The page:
How Much Is Too Much?
As you begin an exercise program, it can be tempting to think, “More is always better,” but that’s not always the case. Exercise, like many helpful things, doesn’t do much if you hardly get any, has lots of good benefit when you get enough, and can be harmful if you get too much.
Too Much Too Soon
The most common way people hurt themselves with cardio – or any other exercise program – is by rushing to do harder work, or more work, before the body has adapted to it. Many people who are new to running experience this, which is part of why running has a reputation for causing injury. This is a risk with strength training, too — Too Much Too Soon contributes to the soreness or injury that sees many a New Year’s Resolutioner give up by Valentine’s Day. Other activities, such as cycling, swimming, and rowing (on the water or using a rowing machine), can be rushed, too, but because they are non-impact exercises, problems may take longer to show up.
How do I protect myself?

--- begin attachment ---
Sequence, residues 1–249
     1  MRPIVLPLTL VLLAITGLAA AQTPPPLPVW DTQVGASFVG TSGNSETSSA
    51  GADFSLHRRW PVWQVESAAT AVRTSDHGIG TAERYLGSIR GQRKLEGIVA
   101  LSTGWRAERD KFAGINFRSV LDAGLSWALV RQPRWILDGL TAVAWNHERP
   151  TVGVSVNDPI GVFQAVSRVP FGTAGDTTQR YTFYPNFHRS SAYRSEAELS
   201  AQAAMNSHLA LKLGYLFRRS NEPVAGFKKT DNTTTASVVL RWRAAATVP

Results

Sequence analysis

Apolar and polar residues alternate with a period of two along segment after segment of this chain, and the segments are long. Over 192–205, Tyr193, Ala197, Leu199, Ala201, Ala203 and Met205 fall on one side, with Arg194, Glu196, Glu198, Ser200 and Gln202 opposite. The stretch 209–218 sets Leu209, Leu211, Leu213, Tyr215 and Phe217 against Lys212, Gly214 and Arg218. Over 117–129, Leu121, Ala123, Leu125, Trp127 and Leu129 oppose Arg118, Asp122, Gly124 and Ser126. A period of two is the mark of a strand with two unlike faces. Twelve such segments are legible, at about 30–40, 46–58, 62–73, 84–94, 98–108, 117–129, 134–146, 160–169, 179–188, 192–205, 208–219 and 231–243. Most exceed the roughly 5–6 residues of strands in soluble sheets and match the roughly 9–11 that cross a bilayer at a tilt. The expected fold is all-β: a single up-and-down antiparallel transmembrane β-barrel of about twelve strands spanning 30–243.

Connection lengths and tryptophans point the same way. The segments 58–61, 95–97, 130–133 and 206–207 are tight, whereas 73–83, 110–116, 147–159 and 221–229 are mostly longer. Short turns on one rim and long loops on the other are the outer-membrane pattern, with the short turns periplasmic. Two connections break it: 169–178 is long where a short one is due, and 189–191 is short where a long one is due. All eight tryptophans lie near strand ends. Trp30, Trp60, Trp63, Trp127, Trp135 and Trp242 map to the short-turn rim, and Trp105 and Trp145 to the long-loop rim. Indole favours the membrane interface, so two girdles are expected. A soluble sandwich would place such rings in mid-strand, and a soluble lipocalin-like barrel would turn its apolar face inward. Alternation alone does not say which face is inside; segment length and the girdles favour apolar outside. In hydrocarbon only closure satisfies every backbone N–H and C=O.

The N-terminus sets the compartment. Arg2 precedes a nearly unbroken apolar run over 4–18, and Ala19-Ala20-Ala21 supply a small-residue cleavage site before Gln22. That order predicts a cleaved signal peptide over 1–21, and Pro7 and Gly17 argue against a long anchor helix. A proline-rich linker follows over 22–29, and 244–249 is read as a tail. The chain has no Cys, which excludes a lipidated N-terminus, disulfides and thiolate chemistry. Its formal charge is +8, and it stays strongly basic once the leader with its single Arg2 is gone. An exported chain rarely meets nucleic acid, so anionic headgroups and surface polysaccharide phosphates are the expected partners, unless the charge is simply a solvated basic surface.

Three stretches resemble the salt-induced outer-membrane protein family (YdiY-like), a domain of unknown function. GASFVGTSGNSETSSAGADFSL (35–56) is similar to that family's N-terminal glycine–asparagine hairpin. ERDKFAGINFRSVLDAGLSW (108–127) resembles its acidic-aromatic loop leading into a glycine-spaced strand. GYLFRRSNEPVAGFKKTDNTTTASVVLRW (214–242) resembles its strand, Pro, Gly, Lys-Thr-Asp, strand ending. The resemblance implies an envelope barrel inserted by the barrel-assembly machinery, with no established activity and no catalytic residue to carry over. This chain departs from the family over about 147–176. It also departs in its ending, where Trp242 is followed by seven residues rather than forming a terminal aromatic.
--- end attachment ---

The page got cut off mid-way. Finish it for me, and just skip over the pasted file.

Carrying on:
Don’t rush it. Especially if you are new to regular exercise as an adult, remember that it takes time to build a good base. Running in particular has a rule of thumb: add no more than 10% a week — that means that your total miles during the week should be no greater than 110% of your total miles the previous week. (Yep, if you ran 1 mile this week, only run 1.1 miles next week. Even if your heart and lungs are ready to surge ahead, your tendons and ligaments need more time to adapt.) Popular running program Couch to 5k is designed to help you keep a healthy, safe progression, and recommends that you simply repeat any week where you could not do all the intervals as listed. It’s not a “plateau” or a problem — it’s a smart way to get better.
Gotta Keep Movin’?
OK, you say, I get it, but I’m rarin’ to go, and I want to make this motivation count! That’s great! Just make sure that the “extra” work you do is easy — keep moving, but use the time to do low-intensity work, like stretching, restorative yoga, or walking. This could be a good opportunity to get a friend or family involved in getting more active, too.
This inverted u-curve illustration is from Mark Young’s article about how to approach cardio in a healthful, effective way, countering claims that cardio is “harmful.”